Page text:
Jurisdiction - China
Reports and Analysis
China – Renminbi – An opportunity for the London market?

2 April, 2012


Much has been written recently in the European press regarding the internationalisation of the RMB and earlier this year, London announced that it was in talks with the Hong Kong Monetary Authority to explore London as a base for the offshore RMB trading platform in Europe. While the ongoing effort to expand further the scope for investments in offshore RMB products is undoubtedly exciting, much of the commentary has glossed over the key fact that the RMB is not a freely convertible currency. 
Brief history of the Offshore RMB market – a path to internationalisation?
Comparisons between the offshore RMB market and the early Eurobond market are misleading and ignore the fact that the RMB is not a freely convertible currency at present.  The Chinese government has recently permitted the movement of renminbi (“RMB”), the legal currency of the People’s Republic of China (“PRC”), outside of the PRC although the amount of RMB that can be moved “offshore” and the amount that can be moved back “onshore” is controlled through quotas and approval systems administered by PRC regulators.  Taking advantage of this liberalisation of the RMB, China Development Bank issued the first offshore RMB bond in 2007.  
In 2010, the rules and regulations governing offshore RMB denominated products were further relaxed and since then the offshore market has evolved at an extraordinary pace, a trend that is expected to continue. The relaxation of rules governing issuance of offshore RMB bonds has attracted a great deal of interest from non-PRC entities both in Asia and worldwide.  Hopewell Highway Infrastructure, a company domiciled in the Cayman Islands and listed on the Hong Kong Stock Exchange, became the first foreign corporate entity to issue offshore RMB bonds in July 2010.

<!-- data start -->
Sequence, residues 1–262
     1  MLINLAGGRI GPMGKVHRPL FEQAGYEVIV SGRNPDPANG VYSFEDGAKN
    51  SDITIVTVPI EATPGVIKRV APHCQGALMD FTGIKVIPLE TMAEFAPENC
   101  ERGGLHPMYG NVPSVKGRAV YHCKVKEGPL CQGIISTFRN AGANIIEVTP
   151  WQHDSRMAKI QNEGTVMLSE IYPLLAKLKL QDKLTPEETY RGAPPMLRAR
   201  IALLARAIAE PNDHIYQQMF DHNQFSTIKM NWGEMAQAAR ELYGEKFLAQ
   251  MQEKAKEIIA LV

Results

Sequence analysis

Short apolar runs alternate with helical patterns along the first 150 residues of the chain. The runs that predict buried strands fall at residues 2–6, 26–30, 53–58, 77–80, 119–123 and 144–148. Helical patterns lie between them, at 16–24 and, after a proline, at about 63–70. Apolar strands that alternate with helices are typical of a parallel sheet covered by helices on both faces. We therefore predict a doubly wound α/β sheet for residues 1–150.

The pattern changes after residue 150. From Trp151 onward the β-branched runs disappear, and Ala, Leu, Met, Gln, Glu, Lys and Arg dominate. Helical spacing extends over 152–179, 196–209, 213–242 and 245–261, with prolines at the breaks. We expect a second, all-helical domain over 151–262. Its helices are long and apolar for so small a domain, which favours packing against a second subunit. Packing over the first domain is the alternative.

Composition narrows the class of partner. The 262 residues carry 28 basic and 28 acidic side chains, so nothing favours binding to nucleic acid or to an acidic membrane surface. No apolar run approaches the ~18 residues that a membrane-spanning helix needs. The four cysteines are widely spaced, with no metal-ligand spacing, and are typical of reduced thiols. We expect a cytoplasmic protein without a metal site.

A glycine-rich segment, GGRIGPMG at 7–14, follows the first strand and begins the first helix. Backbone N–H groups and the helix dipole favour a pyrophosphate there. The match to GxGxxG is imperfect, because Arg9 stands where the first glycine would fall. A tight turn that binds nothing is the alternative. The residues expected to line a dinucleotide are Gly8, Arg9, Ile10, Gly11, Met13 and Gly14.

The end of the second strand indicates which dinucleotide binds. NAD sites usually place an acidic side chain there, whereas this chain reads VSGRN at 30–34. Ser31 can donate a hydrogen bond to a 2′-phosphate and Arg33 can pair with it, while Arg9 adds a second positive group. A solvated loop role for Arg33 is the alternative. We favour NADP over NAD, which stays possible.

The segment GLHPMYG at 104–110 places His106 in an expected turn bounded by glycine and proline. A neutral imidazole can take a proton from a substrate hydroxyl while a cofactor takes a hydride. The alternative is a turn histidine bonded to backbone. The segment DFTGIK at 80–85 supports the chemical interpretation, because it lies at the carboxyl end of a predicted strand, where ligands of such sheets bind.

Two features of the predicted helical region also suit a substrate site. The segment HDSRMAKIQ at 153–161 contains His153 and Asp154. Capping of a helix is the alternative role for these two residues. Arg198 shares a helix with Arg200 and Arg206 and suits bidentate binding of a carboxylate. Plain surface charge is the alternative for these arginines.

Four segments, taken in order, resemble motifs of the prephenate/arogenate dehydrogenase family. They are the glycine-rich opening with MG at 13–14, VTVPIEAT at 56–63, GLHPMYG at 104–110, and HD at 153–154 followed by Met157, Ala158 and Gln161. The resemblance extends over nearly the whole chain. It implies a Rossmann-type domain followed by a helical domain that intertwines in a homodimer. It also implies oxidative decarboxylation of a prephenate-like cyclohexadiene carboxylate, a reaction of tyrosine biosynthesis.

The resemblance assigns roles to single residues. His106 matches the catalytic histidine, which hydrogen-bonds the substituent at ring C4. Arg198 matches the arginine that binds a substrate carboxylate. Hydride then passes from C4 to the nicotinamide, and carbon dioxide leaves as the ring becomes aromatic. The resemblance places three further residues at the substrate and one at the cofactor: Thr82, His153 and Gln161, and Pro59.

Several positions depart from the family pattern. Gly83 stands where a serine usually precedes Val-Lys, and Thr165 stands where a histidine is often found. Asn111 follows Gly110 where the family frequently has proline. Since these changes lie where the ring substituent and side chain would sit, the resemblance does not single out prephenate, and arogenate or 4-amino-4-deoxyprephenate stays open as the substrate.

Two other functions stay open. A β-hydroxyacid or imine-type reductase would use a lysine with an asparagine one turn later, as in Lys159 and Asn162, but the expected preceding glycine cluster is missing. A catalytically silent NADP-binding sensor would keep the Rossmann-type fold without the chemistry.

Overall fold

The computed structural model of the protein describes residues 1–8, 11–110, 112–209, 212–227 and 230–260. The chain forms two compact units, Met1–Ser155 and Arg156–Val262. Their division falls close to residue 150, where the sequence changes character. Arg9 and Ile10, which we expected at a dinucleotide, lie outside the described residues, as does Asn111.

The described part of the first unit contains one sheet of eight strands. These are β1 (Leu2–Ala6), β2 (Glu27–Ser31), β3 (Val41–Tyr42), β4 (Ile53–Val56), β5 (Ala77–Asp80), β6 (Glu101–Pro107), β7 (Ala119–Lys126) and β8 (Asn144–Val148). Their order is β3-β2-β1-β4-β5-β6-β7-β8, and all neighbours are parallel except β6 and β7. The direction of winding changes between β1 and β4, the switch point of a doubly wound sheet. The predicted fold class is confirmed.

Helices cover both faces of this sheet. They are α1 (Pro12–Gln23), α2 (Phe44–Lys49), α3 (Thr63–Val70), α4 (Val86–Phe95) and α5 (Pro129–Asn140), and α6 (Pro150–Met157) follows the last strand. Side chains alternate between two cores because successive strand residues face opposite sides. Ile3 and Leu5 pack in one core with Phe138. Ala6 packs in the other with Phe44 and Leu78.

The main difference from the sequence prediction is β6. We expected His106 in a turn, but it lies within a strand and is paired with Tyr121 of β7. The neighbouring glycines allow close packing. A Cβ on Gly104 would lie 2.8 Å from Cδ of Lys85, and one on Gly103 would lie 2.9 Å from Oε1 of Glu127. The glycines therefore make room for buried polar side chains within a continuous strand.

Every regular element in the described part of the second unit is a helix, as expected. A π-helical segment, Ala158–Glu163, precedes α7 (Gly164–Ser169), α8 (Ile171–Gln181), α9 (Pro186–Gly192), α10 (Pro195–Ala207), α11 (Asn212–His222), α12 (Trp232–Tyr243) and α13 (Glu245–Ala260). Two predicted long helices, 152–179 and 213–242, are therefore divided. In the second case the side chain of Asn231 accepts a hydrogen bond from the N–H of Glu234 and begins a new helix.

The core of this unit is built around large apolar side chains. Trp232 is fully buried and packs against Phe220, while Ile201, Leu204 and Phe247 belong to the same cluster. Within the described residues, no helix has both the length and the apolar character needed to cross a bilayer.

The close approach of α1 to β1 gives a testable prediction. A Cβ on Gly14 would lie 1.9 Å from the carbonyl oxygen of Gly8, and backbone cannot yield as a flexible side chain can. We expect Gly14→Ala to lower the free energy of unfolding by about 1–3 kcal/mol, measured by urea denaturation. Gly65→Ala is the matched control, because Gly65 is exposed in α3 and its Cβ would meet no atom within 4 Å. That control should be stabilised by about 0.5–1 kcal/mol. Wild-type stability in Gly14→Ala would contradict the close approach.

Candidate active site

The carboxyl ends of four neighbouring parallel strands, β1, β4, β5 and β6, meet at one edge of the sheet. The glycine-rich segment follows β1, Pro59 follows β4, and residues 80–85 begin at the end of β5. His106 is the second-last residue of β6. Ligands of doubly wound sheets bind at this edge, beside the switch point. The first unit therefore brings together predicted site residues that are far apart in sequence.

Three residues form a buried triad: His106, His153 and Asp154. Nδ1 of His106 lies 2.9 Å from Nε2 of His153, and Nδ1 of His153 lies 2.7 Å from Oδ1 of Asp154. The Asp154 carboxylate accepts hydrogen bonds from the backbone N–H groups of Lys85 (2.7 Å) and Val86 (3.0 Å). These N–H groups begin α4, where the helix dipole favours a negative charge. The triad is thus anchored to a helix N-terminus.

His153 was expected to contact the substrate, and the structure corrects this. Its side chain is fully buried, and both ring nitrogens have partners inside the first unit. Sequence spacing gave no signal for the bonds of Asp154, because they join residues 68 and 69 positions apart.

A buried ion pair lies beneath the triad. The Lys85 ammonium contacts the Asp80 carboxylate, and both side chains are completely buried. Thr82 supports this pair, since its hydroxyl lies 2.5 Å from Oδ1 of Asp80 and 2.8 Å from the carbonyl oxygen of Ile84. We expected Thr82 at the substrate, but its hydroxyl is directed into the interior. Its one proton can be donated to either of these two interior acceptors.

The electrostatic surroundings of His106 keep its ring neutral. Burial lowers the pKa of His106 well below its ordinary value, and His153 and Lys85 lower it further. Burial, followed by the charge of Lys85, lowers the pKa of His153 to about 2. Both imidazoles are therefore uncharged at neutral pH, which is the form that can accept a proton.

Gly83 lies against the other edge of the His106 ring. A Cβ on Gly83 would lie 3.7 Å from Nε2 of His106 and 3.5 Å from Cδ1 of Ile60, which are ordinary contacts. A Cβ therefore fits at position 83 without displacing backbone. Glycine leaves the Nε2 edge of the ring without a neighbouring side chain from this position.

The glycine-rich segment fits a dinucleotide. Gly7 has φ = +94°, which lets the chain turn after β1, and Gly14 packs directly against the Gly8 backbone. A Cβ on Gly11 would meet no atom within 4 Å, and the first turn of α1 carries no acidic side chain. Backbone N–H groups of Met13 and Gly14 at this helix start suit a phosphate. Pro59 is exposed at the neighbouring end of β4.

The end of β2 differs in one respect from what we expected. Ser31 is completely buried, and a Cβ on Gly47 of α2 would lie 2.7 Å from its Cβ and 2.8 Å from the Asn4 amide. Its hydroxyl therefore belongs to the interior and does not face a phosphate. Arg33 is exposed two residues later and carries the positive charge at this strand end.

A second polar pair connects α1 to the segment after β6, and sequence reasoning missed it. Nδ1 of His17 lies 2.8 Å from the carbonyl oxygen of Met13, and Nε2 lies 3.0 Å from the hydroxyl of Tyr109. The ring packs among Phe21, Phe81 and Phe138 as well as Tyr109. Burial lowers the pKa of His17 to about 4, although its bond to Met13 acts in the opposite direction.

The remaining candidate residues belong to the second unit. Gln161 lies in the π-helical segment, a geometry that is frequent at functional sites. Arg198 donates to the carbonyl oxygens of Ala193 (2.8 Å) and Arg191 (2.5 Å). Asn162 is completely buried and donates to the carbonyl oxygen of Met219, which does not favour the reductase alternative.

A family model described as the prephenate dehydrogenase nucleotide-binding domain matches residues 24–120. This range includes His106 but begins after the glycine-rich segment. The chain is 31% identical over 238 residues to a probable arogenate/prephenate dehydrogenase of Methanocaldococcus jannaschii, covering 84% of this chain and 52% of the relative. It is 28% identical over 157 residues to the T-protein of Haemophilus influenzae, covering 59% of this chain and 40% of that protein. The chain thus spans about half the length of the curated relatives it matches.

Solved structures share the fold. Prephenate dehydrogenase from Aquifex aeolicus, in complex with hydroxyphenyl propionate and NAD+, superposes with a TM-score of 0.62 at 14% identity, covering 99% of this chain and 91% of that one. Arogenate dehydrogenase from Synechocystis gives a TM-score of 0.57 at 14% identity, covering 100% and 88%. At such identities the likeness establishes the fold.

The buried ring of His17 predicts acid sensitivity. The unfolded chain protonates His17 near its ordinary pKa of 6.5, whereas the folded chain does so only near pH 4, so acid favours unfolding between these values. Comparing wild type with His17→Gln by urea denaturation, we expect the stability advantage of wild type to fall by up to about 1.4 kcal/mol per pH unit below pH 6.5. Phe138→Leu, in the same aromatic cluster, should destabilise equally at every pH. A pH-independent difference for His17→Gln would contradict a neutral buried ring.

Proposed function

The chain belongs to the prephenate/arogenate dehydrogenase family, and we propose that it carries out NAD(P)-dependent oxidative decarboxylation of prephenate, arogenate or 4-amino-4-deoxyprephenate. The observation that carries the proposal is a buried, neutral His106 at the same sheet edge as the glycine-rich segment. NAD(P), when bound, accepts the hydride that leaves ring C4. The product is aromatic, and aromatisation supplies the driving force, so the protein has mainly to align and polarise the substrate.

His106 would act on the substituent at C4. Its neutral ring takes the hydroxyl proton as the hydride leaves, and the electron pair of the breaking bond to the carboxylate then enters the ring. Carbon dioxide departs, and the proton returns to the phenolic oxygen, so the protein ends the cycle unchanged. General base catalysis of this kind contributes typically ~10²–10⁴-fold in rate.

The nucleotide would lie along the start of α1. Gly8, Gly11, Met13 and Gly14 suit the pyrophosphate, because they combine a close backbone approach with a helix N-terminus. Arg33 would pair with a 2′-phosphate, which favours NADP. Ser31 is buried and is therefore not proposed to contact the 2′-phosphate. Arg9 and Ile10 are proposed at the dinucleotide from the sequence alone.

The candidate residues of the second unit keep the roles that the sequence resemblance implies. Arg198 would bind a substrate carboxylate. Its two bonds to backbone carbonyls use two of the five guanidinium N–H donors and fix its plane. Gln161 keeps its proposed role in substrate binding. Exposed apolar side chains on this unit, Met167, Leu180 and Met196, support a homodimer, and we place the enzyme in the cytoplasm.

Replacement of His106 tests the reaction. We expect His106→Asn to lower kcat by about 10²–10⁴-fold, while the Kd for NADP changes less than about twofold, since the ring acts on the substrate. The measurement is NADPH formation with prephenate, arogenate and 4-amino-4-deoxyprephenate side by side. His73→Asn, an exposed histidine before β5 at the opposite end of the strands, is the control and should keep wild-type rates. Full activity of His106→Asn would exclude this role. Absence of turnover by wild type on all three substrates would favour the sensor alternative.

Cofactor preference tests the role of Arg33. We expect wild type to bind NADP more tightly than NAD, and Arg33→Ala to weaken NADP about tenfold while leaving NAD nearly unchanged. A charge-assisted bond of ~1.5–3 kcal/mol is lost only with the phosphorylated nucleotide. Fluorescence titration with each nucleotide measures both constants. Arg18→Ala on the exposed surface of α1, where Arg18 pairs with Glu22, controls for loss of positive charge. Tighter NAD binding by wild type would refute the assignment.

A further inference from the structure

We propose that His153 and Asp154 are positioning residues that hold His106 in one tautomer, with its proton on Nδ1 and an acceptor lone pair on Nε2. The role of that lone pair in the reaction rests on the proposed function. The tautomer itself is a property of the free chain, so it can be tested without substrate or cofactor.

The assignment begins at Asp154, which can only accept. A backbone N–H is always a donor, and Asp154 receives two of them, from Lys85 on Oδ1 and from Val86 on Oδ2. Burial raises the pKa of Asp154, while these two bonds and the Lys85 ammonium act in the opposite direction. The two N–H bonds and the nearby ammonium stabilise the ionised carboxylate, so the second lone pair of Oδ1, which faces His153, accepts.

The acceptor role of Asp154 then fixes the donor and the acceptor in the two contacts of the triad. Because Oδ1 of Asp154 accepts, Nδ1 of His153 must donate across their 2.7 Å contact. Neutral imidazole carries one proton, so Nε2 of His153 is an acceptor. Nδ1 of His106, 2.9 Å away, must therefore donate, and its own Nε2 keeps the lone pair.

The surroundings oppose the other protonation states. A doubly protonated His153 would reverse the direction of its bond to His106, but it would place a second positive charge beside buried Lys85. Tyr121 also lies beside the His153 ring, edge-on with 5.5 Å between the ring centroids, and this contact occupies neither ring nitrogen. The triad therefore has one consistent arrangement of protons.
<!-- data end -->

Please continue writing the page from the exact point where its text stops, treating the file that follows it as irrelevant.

On 16 December 2011, the PRC launched a new pilot program, the RMB Qualified Foreign Institutional Investor (“RQFII”), which may reflect an increasing willingness to open channels for foreign investment in offshore RMB and provide the next step in the internationalisation of the RMB. The Chinese Securities Regulatory Commission has noted that the initial quota of the RQFII program is RMB 20 billion. In early January 2012, the first RQFII fund was launched in Hong Kong.
Some issues to consider
1. Approvals
Companies incorporated in the PRC need to obtain prior approval from the National Development and Reform Commission before issuing any offshore RMB bonds. Such initial approval will also allow for the remittance of issuance proceeds back into the PRC for the approved usage identified in the approval and for the repatriation of money offshore for the debt service and final repayment of offshore investors.